Rose 2012 = Rose, P. Early 18th Dynasty Nubian Pottery from the Site of Sesebi, Sudan. In Nubian Pottery from Egyptian Cultural Contexts of the Middle and Early New Kingdom. Proceedings of a Workshop held at the Austrian Archaeological Institute at Cairo, 1–12 December 2010. Ergänzungshefte zu den Jahresheften des Österreichischen Archäologischen Institutes 13, ed. by I. Forstner-Müller and P.J. Rose, 13‒29. Vienna: Österreichisches Archäologisches Institut, 2012.

Advances in experimental archaeology: firing pottery, use of dung and much more

Most know by now that poop is of great interest for us archaeologists. Recently, the so-called ‘archaeology of dung’ has resulted in numerous cross-geographical publications confirming the use of animal dung in archaeological deposits as the main fuel source and several other purposes. Most of these studies focus on the analysis of the microscopic evidence attributable to dung, combining multi-proxy approaches to investigate the biological components and potential markers of herbivore dung, as well identifying archaeobotanical indications from dung pellets and related sediments. Less numerous are studies concerning the identification of dung as a tempering agent in ceramic material.

In a new paper just published, Giulia D’Ercole and I aimed to replicate, observe, and discuss the recipe utilised by the ancient potters of Sai Island (northern Sudan) in the New Kingdom period using an experimental approach. We discuss the possible adoption of organic inclusions, and especially animal dung, as tempering agents to produce some of the locally made Nubian and Egyptian style ceramics. We think that the use of animal dung within the large set of pottery production offers important fresh insights into both long-standing traditions and cultural encounters (Budka and D’Ercole 2022).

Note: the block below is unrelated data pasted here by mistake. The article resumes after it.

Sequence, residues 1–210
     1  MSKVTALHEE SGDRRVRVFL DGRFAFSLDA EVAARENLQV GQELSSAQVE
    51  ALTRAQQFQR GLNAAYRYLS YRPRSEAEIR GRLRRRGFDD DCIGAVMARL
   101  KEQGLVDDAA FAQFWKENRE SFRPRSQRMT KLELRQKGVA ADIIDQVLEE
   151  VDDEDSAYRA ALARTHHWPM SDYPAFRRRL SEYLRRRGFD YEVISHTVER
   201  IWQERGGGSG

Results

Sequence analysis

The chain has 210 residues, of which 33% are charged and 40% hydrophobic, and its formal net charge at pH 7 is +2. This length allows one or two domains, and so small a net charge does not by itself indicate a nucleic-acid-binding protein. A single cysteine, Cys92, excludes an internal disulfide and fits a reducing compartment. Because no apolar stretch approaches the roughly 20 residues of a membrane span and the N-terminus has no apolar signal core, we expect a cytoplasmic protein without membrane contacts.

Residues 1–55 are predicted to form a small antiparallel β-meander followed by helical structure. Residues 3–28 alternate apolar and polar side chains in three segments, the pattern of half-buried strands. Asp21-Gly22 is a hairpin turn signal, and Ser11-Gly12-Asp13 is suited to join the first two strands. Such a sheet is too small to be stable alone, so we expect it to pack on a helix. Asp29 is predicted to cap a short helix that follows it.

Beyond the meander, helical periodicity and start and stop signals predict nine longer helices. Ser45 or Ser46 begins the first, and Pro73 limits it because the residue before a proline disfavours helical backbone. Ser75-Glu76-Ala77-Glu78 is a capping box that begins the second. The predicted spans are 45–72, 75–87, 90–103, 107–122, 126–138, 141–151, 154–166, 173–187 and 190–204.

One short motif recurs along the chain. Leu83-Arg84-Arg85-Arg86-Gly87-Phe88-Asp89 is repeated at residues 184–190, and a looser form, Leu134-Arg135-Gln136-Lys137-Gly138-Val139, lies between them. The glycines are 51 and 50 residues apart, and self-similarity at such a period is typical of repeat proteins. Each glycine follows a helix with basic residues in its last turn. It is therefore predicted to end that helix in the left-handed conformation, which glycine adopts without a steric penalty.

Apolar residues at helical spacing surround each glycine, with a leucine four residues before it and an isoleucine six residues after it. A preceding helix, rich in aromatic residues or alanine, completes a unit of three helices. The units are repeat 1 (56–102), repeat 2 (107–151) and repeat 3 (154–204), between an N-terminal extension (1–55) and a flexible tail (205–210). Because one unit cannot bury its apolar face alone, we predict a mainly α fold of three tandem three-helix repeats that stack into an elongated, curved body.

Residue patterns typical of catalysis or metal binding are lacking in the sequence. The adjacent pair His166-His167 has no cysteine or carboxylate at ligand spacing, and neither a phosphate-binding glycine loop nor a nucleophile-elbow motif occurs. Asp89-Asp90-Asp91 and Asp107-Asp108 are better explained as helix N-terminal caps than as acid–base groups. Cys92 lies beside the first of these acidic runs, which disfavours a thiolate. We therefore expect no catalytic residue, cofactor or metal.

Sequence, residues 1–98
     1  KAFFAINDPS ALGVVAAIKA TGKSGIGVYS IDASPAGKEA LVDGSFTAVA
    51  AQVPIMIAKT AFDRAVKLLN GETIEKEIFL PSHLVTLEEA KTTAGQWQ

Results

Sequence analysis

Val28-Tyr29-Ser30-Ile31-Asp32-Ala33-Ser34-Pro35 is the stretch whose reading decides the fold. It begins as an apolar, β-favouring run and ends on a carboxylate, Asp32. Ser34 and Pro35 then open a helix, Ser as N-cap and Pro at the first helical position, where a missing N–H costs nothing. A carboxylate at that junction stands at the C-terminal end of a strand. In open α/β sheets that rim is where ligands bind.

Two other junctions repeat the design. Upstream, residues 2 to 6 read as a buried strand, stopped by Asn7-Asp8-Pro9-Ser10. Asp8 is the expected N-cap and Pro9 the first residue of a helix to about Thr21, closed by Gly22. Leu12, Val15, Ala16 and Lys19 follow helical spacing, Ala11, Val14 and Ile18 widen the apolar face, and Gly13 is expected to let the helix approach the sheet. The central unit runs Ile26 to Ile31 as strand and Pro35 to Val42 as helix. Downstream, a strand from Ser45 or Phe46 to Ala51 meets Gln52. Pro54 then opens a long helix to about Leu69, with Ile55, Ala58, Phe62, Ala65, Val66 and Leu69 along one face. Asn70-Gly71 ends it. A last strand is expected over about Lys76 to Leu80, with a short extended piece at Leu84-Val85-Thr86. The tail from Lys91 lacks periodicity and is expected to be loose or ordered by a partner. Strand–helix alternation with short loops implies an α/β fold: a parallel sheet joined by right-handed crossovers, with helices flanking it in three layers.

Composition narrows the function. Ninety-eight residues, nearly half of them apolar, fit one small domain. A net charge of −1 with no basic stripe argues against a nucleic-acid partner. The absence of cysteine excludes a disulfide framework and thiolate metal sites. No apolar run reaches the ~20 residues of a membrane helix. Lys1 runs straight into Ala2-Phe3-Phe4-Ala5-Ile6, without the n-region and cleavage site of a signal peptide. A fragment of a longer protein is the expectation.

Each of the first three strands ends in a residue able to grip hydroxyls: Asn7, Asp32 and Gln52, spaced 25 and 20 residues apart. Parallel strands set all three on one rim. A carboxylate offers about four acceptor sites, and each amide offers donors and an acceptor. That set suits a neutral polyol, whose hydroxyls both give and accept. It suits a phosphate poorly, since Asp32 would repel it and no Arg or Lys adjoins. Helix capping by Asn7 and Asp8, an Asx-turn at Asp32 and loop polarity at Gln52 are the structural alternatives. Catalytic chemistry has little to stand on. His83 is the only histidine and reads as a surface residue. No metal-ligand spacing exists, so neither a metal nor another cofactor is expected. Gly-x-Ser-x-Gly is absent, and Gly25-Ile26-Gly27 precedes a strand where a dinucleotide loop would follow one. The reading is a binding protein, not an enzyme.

One observation in this paper was also that in terms of the firing process of our samples, it must have been at a low temperature resulting in a minimal supply of oxygen, as in most cases the typical relicts left by the combustion of organic materials were still visible. Questions regarding kilns for both handmade and wheel-made vessels, as opposed to open firing techniques, need to be investigated further, as does the kind of fuel used for firing pottery. Recent research suggests that fresh wood and animal dung were used in tandem in pottery kilns (see the case of the smelting furnace from Egypt, Verly et al. 2021), and possibly even for open firing.

This brings me to our most recent experiments connected with firing pottery. I spent the last weekend at Asparn (Austria), at the MAMUZ museum and had the pleasure to participate once again in the experimental archaeology class hosted by the University of Vienna.

Vera’s great Classical Kerma replicas placed in our lower bedding of goat dung.

Together with Vera and Ludwig Albustin and other colleagues, we were busy on the first day firing high quality replicas of Classical Kerma beakers. We used goat dung as the main fuel, but also some fresh wood and the results were really good – it went fast, and the appearance of the pots is very close to the ancient ones. We will clearly continue in this line, making more experiments with mixed fuels for firing pottery, for example with adding reed or straw.

Pottery firing in progress.

The second part of our experiments this year in Asparn was dedicated to fire dogs, their possible use and cooking pots. Our current line of research aims to test the advantage of using fire dogs together with Nubian style cooking pots – they differ slightly in shape and size of the Egyptian ones. I believe it is possible that the inhabitants of Sai found some creative ways to combine Egyptian fire dogs with Nubian cooking pots – thus they might have created something new.

Our new set of fire dogs which was fired and is now ready for use.
New replicas of Nubian cooking pots placed on fire dogs.

For some canines, all this effort and attention to the curious fire dogs remains incomprehensible. The different smells at the experimental archaeological site were a lot more exciting here.  


Budka and D’Ercole 2022 = Budka, J. and D’Ercole, G. 2022. An Experimental Approach to Assessing the Tempering and Firing of Local Pottery Production in Nubia during the New Kingdom Period. EXARC Journal 2022/2.

Verly et al. 2021 = Verly, G., Rademakers, F.W., Somaglino, C., Tallet, P., Delvaux, L. and Degryse, P. 2021. The chaîne opératoire of Middle Kingdom smelting batteries and the problem of fuel: excavation, experimental and analytical studies on ancient Egyptian metallurgy. Journal of Archaeological Science: Reports 37 (article no. 102708) DOI: 10.1016/j.jasrep.2020.102708